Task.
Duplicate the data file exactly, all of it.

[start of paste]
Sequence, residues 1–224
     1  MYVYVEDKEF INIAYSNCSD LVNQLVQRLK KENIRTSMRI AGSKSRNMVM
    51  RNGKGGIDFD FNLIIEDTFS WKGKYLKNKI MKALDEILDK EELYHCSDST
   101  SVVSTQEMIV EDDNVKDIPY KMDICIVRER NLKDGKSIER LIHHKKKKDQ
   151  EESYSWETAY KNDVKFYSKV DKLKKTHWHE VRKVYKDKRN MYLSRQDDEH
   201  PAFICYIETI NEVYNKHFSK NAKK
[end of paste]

Sequence, residues 1–224
     1  MYVYVEDKEF INIAYSNCSD LVNQLVQRLK KENIRTSMRI AGSKSRNMVM
    51  RNGKGGIDFD FNLIIEDTFS WKGKYLKNKI MKALDEILDK EELYHCSDST
   101  SVVSTQEMIV EDDNVKDIPY KMDICIVRER NLKDGKSIER LIHHKKKKDQ
   151  EESYSWETAY KNDVKFYSKV DKLKKTHWHE VRKVYKDKRN MYLSRQDDEH
   201  PAFICYIETI NEVYNKHFSK NAKK